“Uber has taken up to 50 per cent of the passenger traffic and these numbers are still growing,” says the driver.
The driver says taxi licences were selling for pittances due to the impact of ride share but there was little government help forthcoming.
“Compensation up to $200.000 is being considered in NSW but the compensation in Queensland has been pathetic,” says the driver.
The long-running legal battle by 900 taxi licence owners against the state could fizzle out, with lawyers for the government understood to be moving to have the case wholly thrown out. The value of taxi licences, a once coveted asset, plummeted when ride-sharing services like Uber entered the market with the legalisation of those services in 2016 crushing the taxi industry even more. According to Transport Department data, standard taxi licences in Brisbane were selling for an average of more than half a million dollars in 2014, dropped to $103,828 in 2018 and as of 2021 have slipped even further. Data from November shows some licences in Brisbane were changing hands for as low as $10,000.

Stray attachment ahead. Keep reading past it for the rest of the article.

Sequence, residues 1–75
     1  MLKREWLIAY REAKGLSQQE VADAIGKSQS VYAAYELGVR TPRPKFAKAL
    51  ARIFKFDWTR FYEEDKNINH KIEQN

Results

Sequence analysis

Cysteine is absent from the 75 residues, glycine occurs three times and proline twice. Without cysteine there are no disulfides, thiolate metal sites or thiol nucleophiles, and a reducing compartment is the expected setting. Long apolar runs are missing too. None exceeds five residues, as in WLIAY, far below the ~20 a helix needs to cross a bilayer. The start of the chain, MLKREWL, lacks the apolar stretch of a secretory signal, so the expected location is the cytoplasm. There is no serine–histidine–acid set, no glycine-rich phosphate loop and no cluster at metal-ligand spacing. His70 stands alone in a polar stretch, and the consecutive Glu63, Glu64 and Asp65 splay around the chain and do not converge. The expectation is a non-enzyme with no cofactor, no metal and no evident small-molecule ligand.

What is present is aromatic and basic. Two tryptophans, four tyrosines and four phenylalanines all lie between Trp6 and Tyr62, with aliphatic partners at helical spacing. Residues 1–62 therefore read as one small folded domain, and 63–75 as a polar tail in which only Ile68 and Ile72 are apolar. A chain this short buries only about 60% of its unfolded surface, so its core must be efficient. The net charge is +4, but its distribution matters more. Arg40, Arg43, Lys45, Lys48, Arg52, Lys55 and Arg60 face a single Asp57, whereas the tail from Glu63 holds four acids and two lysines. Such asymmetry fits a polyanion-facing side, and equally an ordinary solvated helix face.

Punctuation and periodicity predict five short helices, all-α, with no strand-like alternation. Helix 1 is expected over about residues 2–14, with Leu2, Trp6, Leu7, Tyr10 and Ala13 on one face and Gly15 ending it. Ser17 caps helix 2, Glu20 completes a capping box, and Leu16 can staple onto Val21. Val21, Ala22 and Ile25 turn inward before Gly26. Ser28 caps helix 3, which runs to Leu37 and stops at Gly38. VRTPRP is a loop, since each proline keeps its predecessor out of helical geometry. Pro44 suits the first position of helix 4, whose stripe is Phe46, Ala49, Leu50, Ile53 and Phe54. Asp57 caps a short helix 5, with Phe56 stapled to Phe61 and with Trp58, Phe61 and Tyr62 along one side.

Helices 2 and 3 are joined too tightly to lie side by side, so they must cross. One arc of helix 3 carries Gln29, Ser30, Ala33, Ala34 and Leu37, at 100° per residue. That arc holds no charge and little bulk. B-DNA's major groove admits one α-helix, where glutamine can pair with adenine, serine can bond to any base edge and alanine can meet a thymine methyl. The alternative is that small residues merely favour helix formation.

Taxi Council of Queensland chief executive Blair Davies says that while the industry continued to face challenges, it was emerging strongly from Covid-19 and competitive pressures from ride-sharing apps. Davies says the pandemic had reinforced the idea that local business needed to be supported and that “sharing was not alway a good idea.” He says drivers could make good living but the challenge for licence holders was finding enough drivers to keep their taxis on the road.
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